De la conception comportementale appliquée aux environnements de travail. Noam Scheiber (@noamscheiber) pour le New York Times vient de lancer un autre pavé dans la mare des nombreuses difficultés que connaît actuellement Uber (après notamment les questions autour de Greyball que nous évoquions hier), en montrant comment l’entreprise – ainsi que son grand concurrent sur le territoire américain, Lyft – utilisait le design comportemental pour optimiser le travail de ses chauffeurs, c’est-à-dire, comme il le dit lui-même, comment il les « manipule au service de la croissance de l’entreprise ».
Pour un rétro-Design de l’attention. La prise en compte de l’expérience utilisateur par les systèmes numériques pose la question de l’attention de ceux qui sont amenés à les utiliser.
Où en est le Nudge (1/3) ? Tout est-il « nudgable » ? L’association Nudge France – une association pour promouvoir le Nudge en France, ce « coup de pouce » pour orienter les décisions des gens (@nudgefrance) – organisait il y a peu une journée sur la science comportementale, invitant notamment nombre d’experts du domaine.
L’occasion de mesurer un peu où en est ce sujet qui semblait, au tournant des années 2010 (voir notre dossier), comme la grande solution pour transformer les politiques publiques. Force est de constater que l’impression d’ensemble s’est révélée plutôt décevante. 'Our minds can be hijacked': the tech insiders who fear a smartphone dystopia. Justin Rosenstein had tweaked his laptop’s operating system to block Reddit, banned himself from Snapchat, which he compares to heroin, and imposed limits on his use of Facebook.
But even that wasn’t enough. In August, the 34-year-old tech executive took a more radical step to restrict his use of social media and other addictive technologies. Rosenstein purchased a new iPhone and instructed his assistant to set up a parental-control feature to prevent him from downloading any apps. He was particularly aware of the allure of Facebook “likes”, which he describes as “bright dings of pseudo-pleasure” that can be as hollow as they are seductive. And Rosenstein should know: he was the Facebook engineer who created the “like” button in the first place. L’intelligence artificielle va-t-elle rester impénétrable ? Artificial Intelligence Is Setting Up the Internet for a Huge Clash With Europe. Neural networks are changing the Internet.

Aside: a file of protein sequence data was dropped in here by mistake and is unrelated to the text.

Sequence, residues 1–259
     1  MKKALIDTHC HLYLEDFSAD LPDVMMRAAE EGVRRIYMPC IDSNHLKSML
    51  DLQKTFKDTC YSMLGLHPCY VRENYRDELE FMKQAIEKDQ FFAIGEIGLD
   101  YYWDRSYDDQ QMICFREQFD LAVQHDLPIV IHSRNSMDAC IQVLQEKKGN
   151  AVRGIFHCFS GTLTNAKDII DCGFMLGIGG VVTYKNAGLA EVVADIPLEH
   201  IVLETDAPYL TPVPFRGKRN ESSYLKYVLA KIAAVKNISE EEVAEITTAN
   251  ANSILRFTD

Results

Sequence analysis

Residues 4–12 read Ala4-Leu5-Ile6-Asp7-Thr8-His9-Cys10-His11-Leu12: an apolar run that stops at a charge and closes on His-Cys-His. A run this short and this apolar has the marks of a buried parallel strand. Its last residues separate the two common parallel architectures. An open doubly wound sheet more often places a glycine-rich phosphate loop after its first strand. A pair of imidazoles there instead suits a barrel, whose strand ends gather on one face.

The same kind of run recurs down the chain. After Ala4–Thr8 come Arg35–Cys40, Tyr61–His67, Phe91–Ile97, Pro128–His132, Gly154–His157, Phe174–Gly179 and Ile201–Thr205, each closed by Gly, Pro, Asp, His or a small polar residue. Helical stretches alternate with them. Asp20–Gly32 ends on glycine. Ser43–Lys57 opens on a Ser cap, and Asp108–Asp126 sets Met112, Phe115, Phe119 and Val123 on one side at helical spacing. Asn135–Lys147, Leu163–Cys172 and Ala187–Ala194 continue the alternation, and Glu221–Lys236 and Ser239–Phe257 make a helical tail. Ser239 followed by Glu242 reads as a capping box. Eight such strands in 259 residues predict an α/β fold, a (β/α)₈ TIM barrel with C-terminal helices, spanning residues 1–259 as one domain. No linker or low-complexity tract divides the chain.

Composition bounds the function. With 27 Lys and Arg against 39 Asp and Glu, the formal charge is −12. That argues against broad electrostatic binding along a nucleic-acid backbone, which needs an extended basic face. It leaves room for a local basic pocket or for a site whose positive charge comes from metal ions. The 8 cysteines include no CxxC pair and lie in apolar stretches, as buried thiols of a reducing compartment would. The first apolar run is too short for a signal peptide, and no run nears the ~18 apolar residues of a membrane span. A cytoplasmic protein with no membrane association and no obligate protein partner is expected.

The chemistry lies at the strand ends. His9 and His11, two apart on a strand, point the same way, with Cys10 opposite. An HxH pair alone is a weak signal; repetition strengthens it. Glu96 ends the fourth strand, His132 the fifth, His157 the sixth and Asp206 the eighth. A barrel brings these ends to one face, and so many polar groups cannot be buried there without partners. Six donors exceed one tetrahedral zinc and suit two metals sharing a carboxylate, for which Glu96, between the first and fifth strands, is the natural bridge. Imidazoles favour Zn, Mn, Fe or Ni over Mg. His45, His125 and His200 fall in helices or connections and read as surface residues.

Inspired by the networks of neurons inside the human brain, these deep mathematical models can learn discrete tasks by analyzing enormous amounts of data. They’ve learned to recognize faces in photos, identify spoken commands, and translate text from one language to another. And that’s just a start. They’re also moving into the heart of tech giants like Google and Facebook. They’re helping to choose what you see when you query the Google search engine or visit your Facebook News Feed. Why ‘Popping’ the Social Media Filter Bubble Misses the Point.
Let’s be absolutely clear: social media filter bubbles are not responsible for the election of Donald Trump.